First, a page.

Michele Martin examines how a new law has caused problems for ad
The Greeks say that when one door closes, another window opens,
indicating there is a solution to every problem. But so far, no-one has
found a way round Greece’s ten-month-old Mass Media Law.
The law, dubbed the Greek ‘Loi Sapin’, was introduced early this year to
‘clean up’the country’s erratic media business by introducing more
What it has done, say advertising professionals, is to slash ad budgets,
increase redundancies in advertising agencies, and push down TV revenue.
Universal, Carat and Initiative Media are hatching plans to lobby for
The law was first mooted in the early 90s to bring more openness to a
market where deals are often done on a handshake. Wheeler-dealing was
primarily affecting the government by depriving it of much of its 51.5
per cent tax on TV airtime. Crafty agencies had been buying airtime in
sponsorship packages and claiming 70 per cent as ident production costs
rather than advertising, thereby paying the government tax on just 30
per cent instead of the whole lot.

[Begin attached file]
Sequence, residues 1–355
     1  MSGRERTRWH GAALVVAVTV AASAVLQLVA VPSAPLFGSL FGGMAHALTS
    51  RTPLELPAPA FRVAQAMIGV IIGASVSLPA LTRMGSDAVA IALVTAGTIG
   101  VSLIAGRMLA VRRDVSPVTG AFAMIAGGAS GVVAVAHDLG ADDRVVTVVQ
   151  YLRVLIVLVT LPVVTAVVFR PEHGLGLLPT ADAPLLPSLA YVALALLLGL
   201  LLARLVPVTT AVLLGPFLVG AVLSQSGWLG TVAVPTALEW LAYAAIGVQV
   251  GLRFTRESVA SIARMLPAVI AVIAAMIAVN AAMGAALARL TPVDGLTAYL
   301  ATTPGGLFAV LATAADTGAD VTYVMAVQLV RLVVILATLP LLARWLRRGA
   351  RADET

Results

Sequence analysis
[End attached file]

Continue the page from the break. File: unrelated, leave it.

Another reason for the law was that clients had started to complain
their agencies were pocketing under-the-table annual volume bonuses from
In any event, the new regulations plugged the sponsorship loophole and
forced agencies to pay airtime tax on full ratecard, regardless of any
discounts they received. Both of these delivered more cash into
government coffers, but have at the same time obliged clients to pay
more tax for the same amount of advertising - something that is bound to
lead to the production of fewer ads in the long term.
Equally, the new laws have restricted volume bonuses to 9.9 per cent of
total airtime spend, and have changed the system so that only full-
service agencies can claim it. As a result, many clients have tried to
pull business out of media shops in favour of mainstream agencies - a
move that has caused much friction.
How far the industry can lobby for change is not yet clear but the fight
is set to escalate as media shops feel the pinch.